When Time Became History – The Human Era

Imagine someone coming into your kitchen and taking a few tools, a pan and your garbage.

Then they bury everything in the woods.

12,000 years later an archeologist is trying to figure who you were.

What was important to you, what video games you played, what you believed in and what informed your decisions.

When Time Became History – The Human Era

Because you happened to live during a remarkable time in human history: The Planetary Revolution, when humanity transitioned, becoming a multiplanetary species.

In that time, our numbers would explode by orders of magnitude, our technology and standard of living would improve to levels previously thought impossible and our self conception would change forever.

And all the future archaeologist has to learn about is your junk in the woods.

While we can only hope this will be someone’s problem in 12,000 years, we have the same problem today.

We are trying to reconstruct a revolution that took place 12,000 years ago.

Today, only shadows remain of the people who experienced our distant past as their present.

What Remains from our past We can look at our present in crispy 4K, in color and sound.

Three generations ago the world was just black and white.

One more generation and we see the world through blurred photographs.

Further back paintings and texts become our main way of experiencing the past.

A mere 20 generations before us today, every written word had to be copied by hand and reports became more scarce and less reliable.

The first historian lived a mere 100 generations ago.

Before him, there are only epics and legends and dead kings bragging on pieces of stone.

250 generations ago there are only fragments left in the ground and images stripped of their original meaning.

Eventually humanity becomes basically invisible.

Still, we do know some things about our ancestors.

Let’s try to tell their story and what it means for us today.

#1 The Greatest Transition in Human History For some two million years or roughly 80,000 generations, the life of our ancestors was basically the same.

It was around 20,000 years, or 800 generations ago that the behaviorally modern humans began a process that would change our lifestyle forever.

At first, gradually, for some of us.

Then faster for more of us.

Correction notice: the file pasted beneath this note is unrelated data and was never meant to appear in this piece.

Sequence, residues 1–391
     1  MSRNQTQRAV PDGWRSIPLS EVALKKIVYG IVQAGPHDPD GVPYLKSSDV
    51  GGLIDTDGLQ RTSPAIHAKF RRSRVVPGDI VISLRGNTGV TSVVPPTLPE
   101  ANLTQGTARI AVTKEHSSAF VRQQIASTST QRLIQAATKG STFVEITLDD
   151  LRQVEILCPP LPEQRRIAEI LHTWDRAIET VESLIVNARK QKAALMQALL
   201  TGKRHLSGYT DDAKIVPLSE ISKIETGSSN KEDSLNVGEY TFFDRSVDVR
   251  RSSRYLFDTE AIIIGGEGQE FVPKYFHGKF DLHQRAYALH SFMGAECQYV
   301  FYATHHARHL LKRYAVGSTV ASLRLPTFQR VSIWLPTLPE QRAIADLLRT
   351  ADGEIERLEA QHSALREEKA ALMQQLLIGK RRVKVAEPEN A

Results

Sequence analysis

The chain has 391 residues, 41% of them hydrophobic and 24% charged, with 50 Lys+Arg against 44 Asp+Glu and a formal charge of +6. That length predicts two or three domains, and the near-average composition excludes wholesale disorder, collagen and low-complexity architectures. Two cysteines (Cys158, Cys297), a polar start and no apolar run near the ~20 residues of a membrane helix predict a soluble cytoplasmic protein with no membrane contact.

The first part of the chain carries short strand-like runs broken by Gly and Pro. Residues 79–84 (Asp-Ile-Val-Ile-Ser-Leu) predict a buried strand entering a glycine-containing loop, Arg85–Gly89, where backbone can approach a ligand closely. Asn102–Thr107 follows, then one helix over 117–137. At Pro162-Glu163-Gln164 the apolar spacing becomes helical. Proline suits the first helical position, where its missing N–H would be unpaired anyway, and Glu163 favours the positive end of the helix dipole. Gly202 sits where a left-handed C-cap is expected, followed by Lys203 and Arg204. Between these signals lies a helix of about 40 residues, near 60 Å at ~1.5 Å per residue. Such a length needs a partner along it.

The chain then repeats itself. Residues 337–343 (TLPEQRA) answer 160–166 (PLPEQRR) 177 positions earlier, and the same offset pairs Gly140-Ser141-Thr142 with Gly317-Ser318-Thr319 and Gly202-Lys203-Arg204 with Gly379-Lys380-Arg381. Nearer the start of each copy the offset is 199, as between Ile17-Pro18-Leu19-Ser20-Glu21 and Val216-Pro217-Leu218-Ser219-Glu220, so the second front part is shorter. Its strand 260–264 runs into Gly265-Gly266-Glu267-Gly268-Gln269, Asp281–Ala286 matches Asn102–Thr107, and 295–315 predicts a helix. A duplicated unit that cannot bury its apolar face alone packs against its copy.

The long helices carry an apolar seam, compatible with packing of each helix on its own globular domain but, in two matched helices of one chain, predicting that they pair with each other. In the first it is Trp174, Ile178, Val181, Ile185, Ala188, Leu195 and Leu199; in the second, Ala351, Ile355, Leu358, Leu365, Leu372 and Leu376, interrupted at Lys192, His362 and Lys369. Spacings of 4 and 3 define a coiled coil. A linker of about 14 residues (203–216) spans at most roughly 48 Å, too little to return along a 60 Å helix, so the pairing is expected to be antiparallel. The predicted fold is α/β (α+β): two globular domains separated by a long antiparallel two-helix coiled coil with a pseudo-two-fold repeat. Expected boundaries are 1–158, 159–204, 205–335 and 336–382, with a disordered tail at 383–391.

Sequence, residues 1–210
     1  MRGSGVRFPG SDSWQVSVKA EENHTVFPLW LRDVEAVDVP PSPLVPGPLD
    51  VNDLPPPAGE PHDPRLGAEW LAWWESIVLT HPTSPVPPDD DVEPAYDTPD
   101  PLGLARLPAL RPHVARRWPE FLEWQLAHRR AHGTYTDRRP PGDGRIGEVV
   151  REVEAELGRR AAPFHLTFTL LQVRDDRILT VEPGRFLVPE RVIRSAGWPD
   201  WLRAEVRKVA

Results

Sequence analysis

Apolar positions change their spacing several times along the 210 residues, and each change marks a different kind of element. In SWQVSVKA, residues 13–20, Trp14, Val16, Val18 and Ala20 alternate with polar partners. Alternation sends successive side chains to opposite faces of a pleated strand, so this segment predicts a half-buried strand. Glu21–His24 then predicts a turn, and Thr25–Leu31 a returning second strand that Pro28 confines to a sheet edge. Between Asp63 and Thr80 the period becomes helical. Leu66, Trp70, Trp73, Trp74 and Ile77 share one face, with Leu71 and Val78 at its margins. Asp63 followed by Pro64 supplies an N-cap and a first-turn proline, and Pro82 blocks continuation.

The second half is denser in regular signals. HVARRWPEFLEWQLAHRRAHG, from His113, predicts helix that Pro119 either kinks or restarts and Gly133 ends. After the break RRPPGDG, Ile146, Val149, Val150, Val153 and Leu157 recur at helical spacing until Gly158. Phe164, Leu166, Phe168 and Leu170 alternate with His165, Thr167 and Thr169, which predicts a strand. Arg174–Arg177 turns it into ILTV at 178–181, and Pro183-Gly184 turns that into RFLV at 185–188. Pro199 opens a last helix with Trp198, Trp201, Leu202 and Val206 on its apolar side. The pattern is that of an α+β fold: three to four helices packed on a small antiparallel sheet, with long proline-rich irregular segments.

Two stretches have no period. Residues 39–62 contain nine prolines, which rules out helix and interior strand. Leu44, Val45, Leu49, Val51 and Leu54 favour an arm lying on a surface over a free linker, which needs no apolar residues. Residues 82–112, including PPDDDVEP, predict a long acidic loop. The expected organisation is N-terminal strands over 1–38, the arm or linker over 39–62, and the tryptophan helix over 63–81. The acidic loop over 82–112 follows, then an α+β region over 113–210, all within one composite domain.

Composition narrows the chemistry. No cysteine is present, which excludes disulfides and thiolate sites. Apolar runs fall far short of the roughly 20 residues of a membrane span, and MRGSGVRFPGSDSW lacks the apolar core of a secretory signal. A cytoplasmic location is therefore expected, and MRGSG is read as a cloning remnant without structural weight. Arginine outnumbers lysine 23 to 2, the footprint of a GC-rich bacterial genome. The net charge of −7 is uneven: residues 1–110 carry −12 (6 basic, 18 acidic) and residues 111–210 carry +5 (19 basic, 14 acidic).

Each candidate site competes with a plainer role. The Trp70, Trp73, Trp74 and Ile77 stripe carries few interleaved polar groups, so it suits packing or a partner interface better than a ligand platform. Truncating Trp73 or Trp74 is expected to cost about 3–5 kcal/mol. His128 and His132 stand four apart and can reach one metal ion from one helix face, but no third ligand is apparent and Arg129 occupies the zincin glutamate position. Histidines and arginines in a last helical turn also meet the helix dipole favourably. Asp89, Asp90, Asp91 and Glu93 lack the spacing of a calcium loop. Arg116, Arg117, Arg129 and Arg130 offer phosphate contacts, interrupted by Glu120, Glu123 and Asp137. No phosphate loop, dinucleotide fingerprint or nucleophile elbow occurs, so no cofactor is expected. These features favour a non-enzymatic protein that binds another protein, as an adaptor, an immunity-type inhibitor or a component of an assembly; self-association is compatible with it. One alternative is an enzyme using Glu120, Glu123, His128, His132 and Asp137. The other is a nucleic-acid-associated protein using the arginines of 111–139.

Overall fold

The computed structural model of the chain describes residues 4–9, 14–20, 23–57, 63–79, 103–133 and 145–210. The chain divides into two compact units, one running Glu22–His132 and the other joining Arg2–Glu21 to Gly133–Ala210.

And then suddenly for almost all of us.

Back then there were about one million modern humans on earth.

Most other human species had died out, probably with a little help from us.

Our ancestors’ biology had given them the necessary tools: , A general intelligence to understand things a social intelligence to understand each other and language to express abstract ideas and create new concepts.

These were people just like you.

They suffered and experienced joy, were bored, cried and laughed.

They lived in communities of a few dozen people.

They controlled fire and had tools made from wood, stone and bone, told stories, mourned their dead and created art.

They traded with other tribes, from obsidian to shellfish.

Some hunted big game and were very mobile, others relied more on plants they collected and others mostly stayed in one area with an abundance of seafood.

This was the common state of humanity for most of our history.

Until a slow transition, step by step, turned into a revolution.

#2 Step by Step The first solid evidence for this stems from the Jordan Valley, where our ancestors collected wild wheat more than 20,000 years ago.

They noticed that seeds in the ground made more plants the next year.

If they put good ones in one place, the next year they had more of the good ones.

This was a great supplement to hunting and gathering.

You could prepare some crops, return next year, build a temporary settlement and have a secure food supply.

Our ancestors used these bonus crops to bake the first bread and to brew the first beer.

With every generation, they gathered deeper knowledge about the plants and animals around them and how to manipulate them to their advantage.

But there was a lot to learn.